Introduction: This study reports the first clinical series using the TAS device in a feasibility study of endoscopic polypectomy as an alternative to laparoscopic colectomy (LC) for endoscopically unresectable polyps. TAS is a novel T-tag system for endoscopic placement of sutures which facilitates closure of larger defects from advanced endolumenal or translumenal endoscopic procedures. Such novel instrumentation may reduce patient risk and accelerate recovery.
Methods: After IRB approval, patients with endoscopically unresectable polyps who would otherwise require LC were enrolled. The polyp site was visualized by colonoscopy and resected with laparoscopic assistance, if necessary taking some muscularis during endoscopic mucosal resection (EMR) or submucosal dissection. After confirming benign disease by frozen section, the polypectomy site was closed by TAS (Ethicon Endo-Surgery) under laparoscopic control to avoid injury to surrounding structures. Check colonoscopy was done at 3 months.
Results: Seven patients were recruited (five male; mean age 66 years). Polyps were from 20 to 50mm in diameter (mean 30mm), six were in the right colon, and three were on the mesenteric border of the bowel. Final pathology was benign in all cases. Mean EMR time was 29 minutes, mean time taken for TAS was 37 minutes, and mean total operative time was 129 minutes. Two TAS procedures required conversion to LC (one unresectable polyp and one device failure). Five TAS procedures were completed, with a mean hospital stay of 1.2 days, and no complications. Follow-up colonoscopy revealed complete healing in all cases, with no recurrence of polyp to the current time. One patient (initial 5cm sigmoid polyp) had a very mild asymptomatic stricture in the sigmoid colon.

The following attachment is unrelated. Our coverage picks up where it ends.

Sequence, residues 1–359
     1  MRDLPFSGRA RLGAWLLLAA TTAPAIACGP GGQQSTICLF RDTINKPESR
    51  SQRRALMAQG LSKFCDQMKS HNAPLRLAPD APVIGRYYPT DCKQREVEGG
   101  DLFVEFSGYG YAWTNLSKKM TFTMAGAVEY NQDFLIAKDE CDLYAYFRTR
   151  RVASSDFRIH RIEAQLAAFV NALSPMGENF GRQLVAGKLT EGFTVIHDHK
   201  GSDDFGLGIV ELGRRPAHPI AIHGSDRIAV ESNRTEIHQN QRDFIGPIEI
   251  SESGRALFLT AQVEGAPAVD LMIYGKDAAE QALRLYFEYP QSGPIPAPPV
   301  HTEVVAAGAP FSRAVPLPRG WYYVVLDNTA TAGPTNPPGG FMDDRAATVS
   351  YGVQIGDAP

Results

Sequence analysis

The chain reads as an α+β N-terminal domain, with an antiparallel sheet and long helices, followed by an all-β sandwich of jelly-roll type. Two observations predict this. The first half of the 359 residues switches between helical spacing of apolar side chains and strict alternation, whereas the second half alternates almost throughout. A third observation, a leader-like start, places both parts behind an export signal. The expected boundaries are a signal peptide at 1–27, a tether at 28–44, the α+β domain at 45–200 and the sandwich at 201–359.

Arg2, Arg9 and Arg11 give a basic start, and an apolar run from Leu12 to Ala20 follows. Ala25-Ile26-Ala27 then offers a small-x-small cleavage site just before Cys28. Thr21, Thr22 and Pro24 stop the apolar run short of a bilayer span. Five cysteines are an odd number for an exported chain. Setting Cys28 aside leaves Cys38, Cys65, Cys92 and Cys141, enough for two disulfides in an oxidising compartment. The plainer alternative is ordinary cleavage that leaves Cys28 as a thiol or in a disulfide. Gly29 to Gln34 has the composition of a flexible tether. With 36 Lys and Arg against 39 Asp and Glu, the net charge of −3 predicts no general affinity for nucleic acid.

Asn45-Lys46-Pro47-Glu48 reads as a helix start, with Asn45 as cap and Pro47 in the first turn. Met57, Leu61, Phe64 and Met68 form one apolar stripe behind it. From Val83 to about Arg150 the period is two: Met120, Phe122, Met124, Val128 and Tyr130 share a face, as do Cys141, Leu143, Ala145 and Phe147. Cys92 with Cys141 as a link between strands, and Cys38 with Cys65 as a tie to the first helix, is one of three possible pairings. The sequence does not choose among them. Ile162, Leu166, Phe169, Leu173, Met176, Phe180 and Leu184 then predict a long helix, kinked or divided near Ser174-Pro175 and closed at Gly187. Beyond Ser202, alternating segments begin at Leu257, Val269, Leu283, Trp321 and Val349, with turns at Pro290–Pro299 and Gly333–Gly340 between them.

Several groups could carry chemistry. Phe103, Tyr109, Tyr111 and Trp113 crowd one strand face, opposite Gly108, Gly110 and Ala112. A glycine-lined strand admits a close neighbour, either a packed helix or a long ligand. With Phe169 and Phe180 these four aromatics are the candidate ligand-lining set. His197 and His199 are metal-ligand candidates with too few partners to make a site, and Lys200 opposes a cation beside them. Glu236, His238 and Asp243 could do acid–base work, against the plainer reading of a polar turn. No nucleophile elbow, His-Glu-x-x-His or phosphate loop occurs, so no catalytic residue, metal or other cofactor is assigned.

Conclusion: This initial human experience demonstrates that TAS can be used safely in the colon under laparoscopic control. TAS permits safe closure of defects after endoscopic polypectomy of selected and otherwise unresectable polyps, thereby avoiding the need for LC, and permitting rapid recovery with short hospital stay.
Session: Podium Presentation
Program Number: S075